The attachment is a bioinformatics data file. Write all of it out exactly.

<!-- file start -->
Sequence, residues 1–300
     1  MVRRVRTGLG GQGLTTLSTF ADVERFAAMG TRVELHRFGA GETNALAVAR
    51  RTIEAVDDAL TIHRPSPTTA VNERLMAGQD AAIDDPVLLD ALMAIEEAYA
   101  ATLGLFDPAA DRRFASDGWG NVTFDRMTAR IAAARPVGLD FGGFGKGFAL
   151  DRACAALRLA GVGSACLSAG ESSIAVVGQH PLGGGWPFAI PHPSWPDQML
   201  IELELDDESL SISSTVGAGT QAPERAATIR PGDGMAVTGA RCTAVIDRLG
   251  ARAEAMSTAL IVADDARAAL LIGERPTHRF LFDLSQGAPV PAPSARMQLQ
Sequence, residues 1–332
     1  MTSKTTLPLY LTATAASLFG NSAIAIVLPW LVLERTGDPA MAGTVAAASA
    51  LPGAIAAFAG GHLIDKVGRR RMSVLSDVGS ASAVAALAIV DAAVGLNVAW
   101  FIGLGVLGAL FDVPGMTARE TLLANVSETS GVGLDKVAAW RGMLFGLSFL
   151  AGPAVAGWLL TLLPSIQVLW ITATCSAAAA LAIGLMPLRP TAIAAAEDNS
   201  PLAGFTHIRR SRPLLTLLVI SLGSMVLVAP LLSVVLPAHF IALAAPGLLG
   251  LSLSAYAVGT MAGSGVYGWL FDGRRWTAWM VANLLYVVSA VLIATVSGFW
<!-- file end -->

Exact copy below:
Sequence, residues 1–300
     1  MVRRVRTGLG GQGLTTLSTF ADVERFAAMG TRVELHRFGA GETNALAVAR
    51  RTIEAVDDAL TIHRPSPTTA VNERLMAGQD AAIDDPVLLD ALMAIEEAYA
   101  ATLGLFDPAA DRRFASDGWG NVTFDRMTAR IAAARPVGLD FGGFGKGFAL
   151  DRACAALRLA GVGSACLSAG ESSIAVVGQH PLGGGWPFAI PHPSWPDQML
   201  IELELDDESL SISSTVGAGT QAPERAATIR PGDGMAVTGA RCTAVIDRLG
   251  ARAEAMSTAL IVADDARAAL LIGERPTHRF LFDLSQGAPV PAPSARMQLQ
Sequence, residues 1–332
     1  MTSKTTLPLY LTATAASLFG NSAIAIVLPW LVLERTGDPA MAGTVAAASA
    51  LPGAIAAFAG GHLIDKVGRR RMSVLSDVGS ASAVAALAIV DAAVGLNVAW
   101  FIGLGVLGAL FDVPGMTARE TLLANVSETS GVGLDKVAAW RGMLFGLSFL
   151  AGPAVAGWLL TLLPSIQVLW ITATCSAAAA LAIGLMPLRP TAIAAAEDNS
   201  PLAGFTHIRR SRPLLTLLVI SLGSMVLVAP LLSVVLPAHF IALAAPGLLG
   251  LSLSAYAVGT MAGSGVYGWL FDGRRWTAWM VANLLYVVSA VLIATVSGFW